Education News

Food Trucks Keep Low-Income Kids Fed During Summer Vacation

The reduced-price or free lunch program has become a mainstay of public schools and is considered one of the most effective tools in combating childhood hunger. Unfortunately, the program ends when the schools shut for the summer, leaving some kids without a convenient resource to sate their hunger until the classes resume in the fall. Although the U.S. Department of Agriculture does fund a Summer Food Service Program that is open to children from low-income families, getting to the distribution site could be difficult.

Into this gap stepped Tim Cipriano, who is the executive director of school food services for New Haven, Connecticut. In order to make sure that the kids will be fed, he arranged the food to be delivered in what has become a common site for many urbanites: a food truck. While having to go to somewhere for a meal might carry a stigma, no similar reservations seem to keep kids from approaching the summer food trucks.

“It’s kind of the cool thing to do, to go to the food truck,” Cipriano says. He piloted the idea last August with a “bare-bones” setup, filling a truck with coolers and ice packs and visiting designated sites in neighborhoods where lots of children qualify for free and reduced-price lunches. The brightly painted truck handed out 17,000 meals in just 20 days.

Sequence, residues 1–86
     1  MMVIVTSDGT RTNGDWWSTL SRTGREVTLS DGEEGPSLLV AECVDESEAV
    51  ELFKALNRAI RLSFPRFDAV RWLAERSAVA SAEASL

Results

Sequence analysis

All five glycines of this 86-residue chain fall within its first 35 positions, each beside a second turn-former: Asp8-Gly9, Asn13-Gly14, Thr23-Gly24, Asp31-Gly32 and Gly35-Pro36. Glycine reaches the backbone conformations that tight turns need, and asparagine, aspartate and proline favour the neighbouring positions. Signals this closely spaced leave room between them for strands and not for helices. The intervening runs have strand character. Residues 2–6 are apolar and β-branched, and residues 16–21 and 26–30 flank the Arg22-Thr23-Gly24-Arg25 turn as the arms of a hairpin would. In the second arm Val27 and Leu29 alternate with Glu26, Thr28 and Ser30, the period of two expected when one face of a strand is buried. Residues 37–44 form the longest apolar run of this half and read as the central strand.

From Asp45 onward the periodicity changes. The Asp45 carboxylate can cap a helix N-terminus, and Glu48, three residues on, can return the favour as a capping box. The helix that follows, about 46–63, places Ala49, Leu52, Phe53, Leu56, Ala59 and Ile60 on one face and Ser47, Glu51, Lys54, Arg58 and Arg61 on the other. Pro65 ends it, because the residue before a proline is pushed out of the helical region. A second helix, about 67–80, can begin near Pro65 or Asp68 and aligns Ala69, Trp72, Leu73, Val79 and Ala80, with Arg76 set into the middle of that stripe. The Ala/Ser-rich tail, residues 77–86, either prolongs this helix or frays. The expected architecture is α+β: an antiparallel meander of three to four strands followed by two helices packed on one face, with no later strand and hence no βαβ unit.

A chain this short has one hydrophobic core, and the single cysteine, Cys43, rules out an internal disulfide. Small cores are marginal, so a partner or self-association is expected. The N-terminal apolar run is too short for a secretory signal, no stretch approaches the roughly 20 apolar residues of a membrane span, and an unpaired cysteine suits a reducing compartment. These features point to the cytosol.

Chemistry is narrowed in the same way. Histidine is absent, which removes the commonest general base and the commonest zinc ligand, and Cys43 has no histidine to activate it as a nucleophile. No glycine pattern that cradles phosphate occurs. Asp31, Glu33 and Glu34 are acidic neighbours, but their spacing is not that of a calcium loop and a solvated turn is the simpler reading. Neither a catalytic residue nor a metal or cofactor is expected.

Cipriano’s plan for this summer is even more ambitious. Over the next two months, he plans to have over 40,000 meals served to kids in their own neighborhoods. The program’s expanded capacity came about as a result of truck refurbishment which fitted all vehicles with both an internal generator and a new refrigeration system. These overhauls also allow Cipriano to expand beyond the traditional brown-bag fare and offer kids hot meals.

But even last year’s stripped-down version was successful enough to inspire other school systems. In Fayette County, Indiana, school food service director Siobahn Carey¬†read about¬†Cipriano’s truck and knew it was the solution to her rural county’s woefully underattended summer meals program. “I showed the article to my boss and I was like, ‘We are doing this!’” she says.

Nearly 65% of Fayette’s students participate in the reduced-price/free lunch programs so getting them fed between one school year and the next is a priority. Previously, the need was served by multiple regional cafeterias the kids could go to for their meals, but this year, the food trucks will make that unnecessary.

And it’s not just struggling families that benefit. In any neighborhood where the majority of kids qualify for subsidies, summer meal programs can get USDA funding without requiring children to enroll or prove eligibility. Anybody under 18 can grab a free lunch, which makes visiting Fayette County’s food truck an activity the whole community can enjoy, Carey says.


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